Dealing with property damage is a regular part of the business of owning single-family rental properties. But before you send your tenants a bill for the repairs, you need to know how much you should charge them. Figuring this out can be surprisingly challenging, partly because the line between ordinary wear and tear and real damage can sometimes be hard to determine. Still, by using a few simple strategies, you can easily determine how much to charge your tenants for the damage they leave behind.
Distinguish between Ordinary Wear and Tear
To charge tenants for damage, you first need to be able to clearly distinguish it from ordinary wear and tear. One of the first and best things you can do to differentiate tenant damage from wear and tear is to complete thorough move-in inspections of the property. Move-in checklists can help document the condition of the rental property before the tenant moves in, which can help settle any future disputes. It also gives you something to compare future inspections against, so that you can better track new damage as it appears.
Educate Tenants in Advance
You can also clearly define what types of issues are considered wear and tear, and which would be considered damage. For example, some property owners and managers will create guides of common examples of each to help educate tenants as well as provide a clear guide for potential future charges. This guide would clearly distinguish things like marks or a few nail holes in the walls (wear and tear) versus large or excessive holes (damage). Another example would be a carpet that is worn thin from years of use (wear and tear) versus rugs that are permanently stained, torn, or smell bad (damage). Creating clear guidelines can help remove some of the ambiguity when the time comes to determine whether the property has been damaged by the tenant or is simply suffering from ordinary wear and tear.
When Damage Occurs
If you decide that damage has occurred, the next step is to figure out the reasonable cost for repair or replacement. Rather than simply charging the tenant for the new item or the cost of replacement, it is important to first consider the age of the item, the original cost, the length of time the repair will take, and whether you will do the repair yourself or need to hire someone else to do it. For large repairs, it is a good idea to get several estimates from licensed contractors. This can help you better know how much it will cost to repair the damage, and how much of that cost you can reasonably ask your tenant to pay.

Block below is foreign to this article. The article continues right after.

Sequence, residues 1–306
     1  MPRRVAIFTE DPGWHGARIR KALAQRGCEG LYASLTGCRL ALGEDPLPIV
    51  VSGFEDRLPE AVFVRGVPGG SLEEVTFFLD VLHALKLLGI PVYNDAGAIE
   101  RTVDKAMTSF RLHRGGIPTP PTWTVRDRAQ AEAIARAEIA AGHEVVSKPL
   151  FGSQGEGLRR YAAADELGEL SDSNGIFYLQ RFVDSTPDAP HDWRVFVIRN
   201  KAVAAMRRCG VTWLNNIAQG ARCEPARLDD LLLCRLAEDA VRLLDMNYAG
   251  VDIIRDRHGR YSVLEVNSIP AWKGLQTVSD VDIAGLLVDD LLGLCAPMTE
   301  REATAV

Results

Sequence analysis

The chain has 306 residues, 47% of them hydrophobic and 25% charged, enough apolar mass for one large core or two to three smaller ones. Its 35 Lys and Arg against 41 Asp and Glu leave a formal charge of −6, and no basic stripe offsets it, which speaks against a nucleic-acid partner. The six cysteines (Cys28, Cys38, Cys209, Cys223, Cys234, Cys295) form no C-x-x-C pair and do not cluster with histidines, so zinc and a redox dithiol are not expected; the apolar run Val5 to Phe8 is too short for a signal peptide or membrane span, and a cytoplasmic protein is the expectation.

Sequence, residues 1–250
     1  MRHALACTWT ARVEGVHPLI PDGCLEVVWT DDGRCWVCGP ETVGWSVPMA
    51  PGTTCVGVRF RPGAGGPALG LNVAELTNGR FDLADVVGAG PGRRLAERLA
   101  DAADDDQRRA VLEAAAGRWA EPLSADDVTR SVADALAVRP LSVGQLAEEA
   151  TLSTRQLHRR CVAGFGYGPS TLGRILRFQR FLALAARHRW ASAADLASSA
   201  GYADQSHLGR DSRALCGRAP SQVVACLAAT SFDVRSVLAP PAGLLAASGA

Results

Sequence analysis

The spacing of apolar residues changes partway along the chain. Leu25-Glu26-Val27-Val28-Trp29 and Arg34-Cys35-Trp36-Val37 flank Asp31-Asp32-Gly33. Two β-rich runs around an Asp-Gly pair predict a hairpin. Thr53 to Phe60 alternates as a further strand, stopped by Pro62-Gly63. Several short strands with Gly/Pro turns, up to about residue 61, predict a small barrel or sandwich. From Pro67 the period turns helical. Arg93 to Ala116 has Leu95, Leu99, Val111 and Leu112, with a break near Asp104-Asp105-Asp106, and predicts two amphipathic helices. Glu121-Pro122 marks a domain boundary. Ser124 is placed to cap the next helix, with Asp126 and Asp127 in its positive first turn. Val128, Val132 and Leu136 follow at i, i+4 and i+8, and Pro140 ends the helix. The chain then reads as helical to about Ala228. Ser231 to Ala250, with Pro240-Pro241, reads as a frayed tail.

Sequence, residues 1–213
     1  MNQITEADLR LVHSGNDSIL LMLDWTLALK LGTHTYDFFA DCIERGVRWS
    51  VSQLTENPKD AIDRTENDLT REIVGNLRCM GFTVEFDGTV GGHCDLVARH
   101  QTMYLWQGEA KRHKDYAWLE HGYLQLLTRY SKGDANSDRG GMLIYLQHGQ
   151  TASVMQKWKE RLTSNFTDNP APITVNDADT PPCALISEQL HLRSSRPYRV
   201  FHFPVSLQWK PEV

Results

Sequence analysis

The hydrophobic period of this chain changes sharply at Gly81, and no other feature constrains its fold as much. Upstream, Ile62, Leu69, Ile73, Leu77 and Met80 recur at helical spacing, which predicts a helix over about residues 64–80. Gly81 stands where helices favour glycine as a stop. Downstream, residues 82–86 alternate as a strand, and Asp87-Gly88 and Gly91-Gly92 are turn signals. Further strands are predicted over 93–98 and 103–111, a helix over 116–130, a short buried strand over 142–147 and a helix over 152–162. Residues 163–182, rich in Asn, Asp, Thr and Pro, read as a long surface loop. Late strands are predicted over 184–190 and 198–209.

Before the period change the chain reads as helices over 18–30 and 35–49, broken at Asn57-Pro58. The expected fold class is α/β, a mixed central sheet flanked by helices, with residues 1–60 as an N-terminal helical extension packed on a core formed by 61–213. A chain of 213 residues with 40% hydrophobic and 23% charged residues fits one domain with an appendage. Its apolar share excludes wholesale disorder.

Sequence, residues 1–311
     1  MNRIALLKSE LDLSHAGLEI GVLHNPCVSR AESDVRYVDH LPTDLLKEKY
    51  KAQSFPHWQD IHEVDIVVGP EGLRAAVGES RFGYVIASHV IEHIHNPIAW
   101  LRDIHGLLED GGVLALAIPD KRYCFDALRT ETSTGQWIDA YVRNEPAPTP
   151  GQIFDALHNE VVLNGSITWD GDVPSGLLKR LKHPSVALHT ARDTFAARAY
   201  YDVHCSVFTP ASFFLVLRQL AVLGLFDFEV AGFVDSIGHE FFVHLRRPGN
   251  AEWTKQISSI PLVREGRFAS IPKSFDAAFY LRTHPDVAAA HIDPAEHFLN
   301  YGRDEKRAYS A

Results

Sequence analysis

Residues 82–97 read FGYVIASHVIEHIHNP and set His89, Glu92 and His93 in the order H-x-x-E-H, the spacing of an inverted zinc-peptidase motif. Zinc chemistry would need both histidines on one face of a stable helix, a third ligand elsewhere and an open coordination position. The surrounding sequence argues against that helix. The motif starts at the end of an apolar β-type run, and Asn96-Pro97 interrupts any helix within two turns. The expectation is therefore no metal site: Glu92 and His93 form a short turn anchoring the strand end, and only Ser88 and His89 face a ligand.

Standard Cleaning and Repair List
One alternative to this approach is to create a standard cleaning and repair list, where commonly damaged items are listed along with the estimated cost of repair. There are both advantages and disadvantages to this approach. On the one hand, if you include the list in your lease agreement, your tenant will be more aware of what certain repairs will cost. This may help them be a little more careful with the property. On the other hand, if the repair ends up costing more than what is on your list, you may end up paying the difference yourself.
Itemized List to Tenant
No matter how you determine the cost of the repairs, you should always give your tenant an itemized list of the damage and repairs, as well as detailed receipts. This is especially true if you plan to deduct the cost of repairs from the tenant’s security deposit. If the tenant is still occupying your property, charging them for repairs is a bit trickier. Still, giving them written notice of the damage and an invoice detailing which portion of the repair cost is their responsibility is a good plan of action.
Do you still have questions about how much to charge for tenant damage? If so, contact your nearest Real Property Management franchise office. We can assist you in making well-documented decisions about tenant damage, charging for repairs, and even help you obtain estimates from trusted professionals.
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